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Strain Partitioning and Variation in Style of Deformation During Continental Extension, Eastern Baffin Bay, West Greenland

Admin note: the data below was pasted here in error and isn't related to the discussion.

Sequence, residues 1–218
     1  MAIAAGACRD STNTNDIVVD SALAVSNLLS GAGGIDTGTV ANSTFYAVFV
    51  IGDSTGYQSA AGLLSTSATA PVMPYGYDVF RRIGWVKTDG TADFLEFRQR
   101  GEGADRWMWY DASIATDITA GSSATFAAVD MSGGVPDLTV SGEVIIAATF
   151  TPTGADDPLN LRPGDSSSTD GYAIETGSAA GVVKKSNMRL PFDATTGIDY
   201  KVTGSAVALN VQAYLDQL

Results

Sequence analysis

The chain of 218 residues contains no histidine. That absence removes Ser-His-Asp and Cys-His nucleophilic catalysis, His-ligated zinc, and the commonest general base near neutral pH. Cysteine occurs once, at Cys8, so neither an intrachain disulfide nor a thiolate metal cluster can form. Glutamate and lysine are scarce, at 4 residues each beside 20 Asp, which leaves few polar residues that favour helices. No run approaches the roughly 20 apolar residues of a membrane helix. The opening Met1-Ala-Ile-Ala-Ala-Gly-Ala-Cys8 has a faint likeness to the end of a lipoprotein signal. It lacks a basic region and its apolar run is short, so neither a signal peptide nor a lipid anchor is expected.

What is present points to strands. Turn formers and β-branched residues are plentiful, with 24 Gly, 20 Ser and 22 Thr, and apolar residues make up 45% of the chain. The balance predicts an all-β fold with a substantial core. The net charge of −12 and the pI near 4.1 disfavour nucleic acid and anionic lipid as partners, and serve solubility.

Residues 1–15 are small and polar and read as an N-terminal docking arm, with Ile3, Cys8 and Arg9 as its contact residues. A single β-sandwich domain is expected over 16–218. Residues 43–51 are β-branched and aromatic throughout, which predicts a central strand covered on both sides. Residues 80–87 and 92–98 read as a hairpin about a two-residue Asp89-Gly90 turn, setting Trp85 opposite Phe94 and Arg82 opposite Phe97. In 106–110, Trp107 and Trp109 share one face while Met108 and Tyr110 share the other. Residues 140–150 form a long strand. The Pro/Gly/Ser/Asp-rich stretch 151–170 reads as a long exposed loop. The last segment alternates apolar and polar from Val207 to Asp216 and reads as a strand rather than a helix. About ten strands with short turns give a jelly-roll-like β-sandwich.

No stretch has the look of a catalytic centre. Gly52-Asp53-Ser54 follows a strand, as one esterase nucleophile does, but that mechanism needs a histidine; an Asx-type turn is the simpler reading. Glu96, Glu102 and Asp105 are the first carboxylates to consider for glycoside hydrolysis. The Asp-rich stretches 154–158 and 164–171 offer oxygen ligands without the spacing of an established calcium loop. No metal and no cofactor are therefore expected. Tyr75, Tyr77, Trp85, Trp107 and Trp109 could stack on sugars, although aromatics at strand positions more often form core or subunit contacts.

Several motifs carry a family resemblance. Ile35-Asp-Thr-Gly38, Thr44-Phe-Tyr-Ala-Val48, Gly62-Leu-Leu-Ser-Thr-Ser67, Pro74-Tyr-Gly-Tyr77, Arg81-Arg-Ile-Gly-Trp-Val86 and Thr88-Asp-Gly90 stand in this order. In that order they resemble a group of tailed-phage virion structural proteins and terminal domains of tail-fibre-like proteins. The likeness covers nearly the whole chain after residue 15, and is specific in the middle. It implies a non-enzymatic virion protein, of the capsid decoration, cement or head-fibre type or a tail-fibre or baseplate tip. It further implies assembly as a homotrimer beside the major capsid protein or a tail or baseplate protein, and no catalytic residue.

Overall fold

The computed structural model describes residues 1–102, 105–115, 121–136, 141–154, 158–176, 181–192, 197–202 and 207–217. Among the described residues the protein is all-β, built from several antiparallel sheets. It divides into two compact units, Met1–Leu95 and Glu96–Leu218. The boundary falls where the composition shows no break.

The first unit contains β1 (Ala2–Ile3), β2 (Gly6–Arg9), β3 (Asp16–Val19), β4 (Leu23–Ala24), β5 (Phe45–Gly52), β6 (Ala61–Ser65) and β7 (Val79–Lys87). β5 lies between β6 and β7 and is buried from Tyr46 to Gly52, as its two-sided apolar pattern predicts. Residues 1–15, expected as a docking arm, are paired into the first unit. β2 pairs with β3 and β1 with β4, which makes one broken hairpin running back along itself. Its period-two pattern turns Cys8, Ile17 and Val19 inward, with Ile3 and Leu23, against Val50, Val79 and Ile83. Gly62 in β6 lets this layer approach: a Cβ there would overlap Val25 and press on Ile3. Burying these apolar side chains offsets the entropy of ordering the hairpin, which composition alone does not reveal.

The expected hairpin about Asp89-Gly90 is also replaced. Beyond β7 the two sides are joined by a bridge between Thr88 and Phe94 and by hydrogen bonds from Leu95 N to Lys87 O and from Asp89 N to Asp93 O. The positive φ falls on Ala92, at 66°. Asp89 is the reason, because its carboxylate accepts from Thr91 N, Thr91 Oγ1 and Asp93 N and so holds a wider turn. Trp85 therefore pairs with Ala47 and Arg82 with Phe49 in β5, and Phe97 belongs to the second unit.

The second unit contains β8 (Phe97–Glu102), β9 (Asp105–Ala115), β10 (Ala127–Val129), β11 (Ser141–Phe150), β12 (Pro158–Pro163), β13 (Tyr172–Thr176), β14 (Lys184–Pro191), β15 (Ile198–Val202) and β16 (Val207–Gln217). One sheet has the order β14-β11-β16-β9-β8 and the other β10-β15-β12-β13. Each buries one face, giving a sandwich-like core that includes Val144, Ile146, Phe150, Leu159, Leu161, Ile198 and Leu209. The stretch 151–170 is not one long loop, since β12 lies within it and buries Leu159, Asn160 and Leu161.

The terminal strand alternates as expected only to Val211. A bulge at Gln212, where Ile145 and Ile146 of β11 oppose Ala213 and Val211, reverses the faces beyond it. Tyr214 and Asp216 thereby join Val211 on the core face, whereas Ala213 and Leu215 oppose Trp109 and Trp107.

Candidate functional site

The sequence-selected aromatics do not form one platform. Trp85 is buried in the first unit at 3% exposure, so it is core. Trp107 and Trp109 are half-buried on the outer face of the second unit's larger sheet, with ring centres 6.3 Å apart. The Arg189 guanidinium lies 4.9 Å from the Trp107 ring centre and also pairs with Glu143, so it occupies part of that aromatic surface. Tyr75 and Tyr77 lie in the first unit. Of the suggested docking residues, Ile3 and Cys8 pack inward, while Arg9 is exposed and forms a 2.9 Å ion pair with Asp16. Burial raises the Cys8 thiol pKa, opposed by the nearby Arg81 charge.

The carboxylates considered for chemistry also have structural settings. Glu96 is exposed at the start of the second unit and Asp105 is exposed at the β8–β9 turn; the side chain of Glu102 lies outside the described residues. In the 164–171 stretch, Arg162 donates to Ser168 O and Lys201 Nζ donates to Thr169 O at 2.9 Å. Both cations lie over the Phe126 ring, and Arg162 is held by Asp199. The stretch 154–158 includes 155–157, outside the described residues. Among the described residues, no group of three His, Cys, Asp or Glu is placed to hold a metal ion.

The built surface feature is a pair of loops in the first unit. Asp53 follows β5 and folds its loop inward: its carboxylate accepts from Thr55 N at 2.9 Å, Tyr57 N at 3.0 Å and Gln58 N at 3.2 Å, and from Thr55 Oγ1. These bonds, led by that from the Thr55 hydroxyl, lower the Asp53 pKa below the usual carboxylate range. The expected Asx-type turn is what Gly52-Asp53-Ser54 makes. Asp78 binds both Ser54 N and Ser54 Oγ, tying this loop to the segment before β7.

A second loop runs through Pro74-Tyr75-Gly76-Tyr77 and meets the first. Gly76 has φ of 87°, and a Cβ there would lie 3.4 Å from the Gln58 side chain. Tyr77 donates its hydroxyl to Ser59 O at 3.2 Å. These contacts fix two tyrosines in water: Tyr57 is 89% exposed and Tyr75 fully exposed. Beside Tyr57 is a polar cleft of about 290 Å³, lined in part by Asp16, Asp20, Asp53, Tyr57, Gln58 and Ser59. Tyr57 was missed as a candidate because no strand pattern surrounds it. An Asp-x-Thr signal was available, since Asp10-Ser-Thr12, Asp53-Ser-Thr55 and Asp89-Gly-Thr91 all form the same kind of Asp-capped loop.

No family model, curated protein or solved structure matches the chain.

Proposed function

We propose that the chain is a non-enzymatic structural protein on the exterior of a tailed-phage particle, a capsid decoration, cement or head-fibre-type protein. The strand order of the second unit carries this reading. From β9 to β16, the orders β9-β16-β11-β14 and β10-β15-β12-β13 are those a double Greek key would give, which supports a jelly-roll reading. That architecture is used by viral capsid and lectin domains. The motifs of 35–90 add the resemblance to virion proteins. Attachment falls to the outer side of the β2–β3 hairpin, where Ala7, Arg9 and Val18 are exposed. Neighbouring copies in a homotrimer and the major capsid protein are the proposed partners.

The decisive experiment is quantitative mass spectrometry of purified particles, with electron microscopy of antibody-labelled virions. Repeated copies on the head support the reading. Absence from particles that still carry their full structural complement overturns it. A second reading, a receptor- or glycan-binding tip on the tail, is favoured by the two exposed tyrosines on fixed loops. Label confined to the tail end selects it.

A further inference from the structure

Understanding the evolution from continental rift basins to a passive continental margin is essential for understanding broader lithospheric stretching processes, yet is often limited by the scale of observation, the development of a failed rift rather than a fully passive margin, and data availability. Baffin Bay, offshore Greenland, represents an area where the evolution of large-scale (~200 km long, ~50-70 Myr duration) rift basins to a passive margin can be investigated, thus bridging the gap between small-scale (<20 km-long, <10 Myr) fault evolution models and lithospheric-scale geodynamic models. We apply sequence stratigraphic principles on 2D seismic reflection profiles to understand the tectono-stratigraphic evolution of the study area. In particular, by applying a mega-sequence approach to interpret the profiles we can assess the distribution of lithospheric and crustal effects on subsidence and accommodation space. Furthermore, mapping of the TWT thicknesses of individual syn-rift packages enables us to constrain the evolution of its depocentres. Rifting initiation in the Melville Bay Graben, in the east of the study area, was dominated by 5-20 km long, ENE and WSW-dipping, Early Cretaceous fault segments. Further strain was accommodated via fault linkage, with activity localising on the eastern side, eventually forming the ~200 km long basin-bounding Melville Bay Fault in the Late Cretaceous-Early Paleocene. In the Kivioq and Upernavik Basins, to the west, rifting resulted in smaller (~5-20 km wide) half grabens that are broadly symmetrical over a ~70 km scale. Cumulative syn-rift sediment accumulation is highly variable across the margin with > 5500 ms (TWTT) preserved in the Melville Bay Graben as compared to ~1500 ms in the other basins. In contrast, Eocene post-rift sedimentation is much thinner in the Melville Bay Graben (2000 ms) compared to the western basins (~4000 ms). This stratigraphic thickness asymmetry in Eastern Baffin Bay is also manifested in the interpreted structural styles. These observations lead us to propose a hybrid, scale-dependent model to explain this strain partitioning and variation in deformation style. Eastern Baffin Bay, therefore, provides insights not only to the larger scale processes involved in the coalescing of rift basins into a margin-scale basin but also how strain is partitioned during the break-up phase of lithospheric separation.